Then there’s the things that sort of work. Both main females are adequate in their roles. Katherine Waterston plays Porpentina “Tina” Goldstein, a former Auror who works for the Magical Congress of the United States of America (MACUSA) and takes Scamander into custody for unleashing beasts (a crime to have in the U.S.) and failing to obliviate a No-Maj. Alison Sudol is captivating as Queenie Goldstein, Tina’s sister who becomes smitten with Jacob. It’s unsure if Tina and Newt have any sort of romantic future but it appears that Jacob and Queenie will. Again, due to the bloated plot, these characters feel underdeveloped and lack any real depth through the first installment.
Unfortunately, the villains of Fantastic Beasts and Where to Find Them are lacking. Colin Farrell plays Percival Graves and delivers a hollow performance as the Director of Magical Security of MACUSA in charge of an investigation into a destructive magical force present in New York. He’s also eventually the man in charge of hunting down Newt once everyone is fully aware of his possession of these fantastic beasts. Yet another victim of the bloated plot, you’re never really sure of why Graves may have more sinister intentions until almost the end of the movie. It finally makes sense when it all comes out but before that, it feels like it is more of a product of plot convenience. There are other villains, too. Revealing more would be too much of a spoiler, though. They are okay but pale in comparison to the ever presence antagonists of the Potter series.
Is it a little unfair to expect Fantastic Beasts and Where to Find Them to reach the heights of Harry Potter? I don’t think so. You have the same creator, same director and same world of magic. There are stories that could rival the excellence of Potter, for sure. This isn’t one of them. It’s a nice kick-off to the next saga in Rowling’s world of magic but nothing spectacular and surely not fantastic. There will be plenty of opportunities to right the ship though.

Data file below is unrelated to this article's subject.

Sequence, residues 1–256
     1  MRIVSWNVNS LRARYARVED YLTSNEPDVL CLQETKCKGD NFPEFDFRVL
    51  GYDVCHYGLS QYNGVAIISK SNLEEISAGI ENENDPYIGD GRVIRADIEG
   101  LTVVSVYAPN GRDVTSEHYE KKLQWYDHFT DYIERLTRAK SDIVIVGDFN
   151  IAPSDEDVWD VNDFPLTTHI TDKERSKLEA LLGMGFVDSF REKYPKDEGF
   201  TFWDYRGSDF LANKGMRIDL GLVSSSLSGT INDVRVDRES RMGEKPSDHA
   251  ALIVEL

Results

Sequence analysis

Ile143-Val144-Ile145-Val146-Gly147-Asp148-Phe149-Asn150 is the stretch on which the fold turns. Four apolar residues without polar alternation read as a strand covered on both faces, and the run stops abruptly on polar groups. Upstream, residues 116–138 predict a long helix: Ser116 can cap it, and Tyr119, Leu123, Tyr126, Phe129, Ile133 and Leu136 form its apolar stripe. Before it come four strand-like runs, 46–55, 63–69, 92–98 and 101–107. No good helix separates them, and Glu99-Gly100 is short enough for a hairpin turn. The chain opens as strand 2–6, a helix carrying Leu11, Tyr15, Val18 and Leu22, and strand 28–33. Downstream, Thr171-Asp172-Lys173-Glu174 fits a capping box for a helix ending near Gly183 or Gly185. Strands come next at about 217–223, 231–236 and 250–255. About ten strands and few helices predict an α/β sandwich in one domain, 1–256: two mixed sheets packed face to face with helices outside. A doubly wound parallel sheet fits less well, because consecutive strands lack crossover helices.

“Spoiler Free” Pros
- The Fantastic Beasts
The book the film is based on features 85 magical species. Considerably fewer make it into the film but the ones that do are creative, fun and I’m sure they are especially delightful to those chomping at the bit to see them brought to life from book form.
- Jacob Kowalski
By the far the best character in the opening chapter, Kowalski is played to perfection by Fogler and captures the whimsical spirit of the audience in his performance.
“Spoiler Free” Cons
The length of the film makes for a heavy viewing experience. While there are truly wonderful segments, the world building aspect of the script makes for too many plot lines and a strained story that sucks the fun out of some of the more delightful aspects of the film.
- Beastus Interruptus!
As great as the fantastic beasts are, Rowling and Yates struggled to find them the right place in the story as they often feel like unnecessary distractions from the actual plot. However, we’re here for the beasts so it’s utterly confusing as to why we’re here in the first place.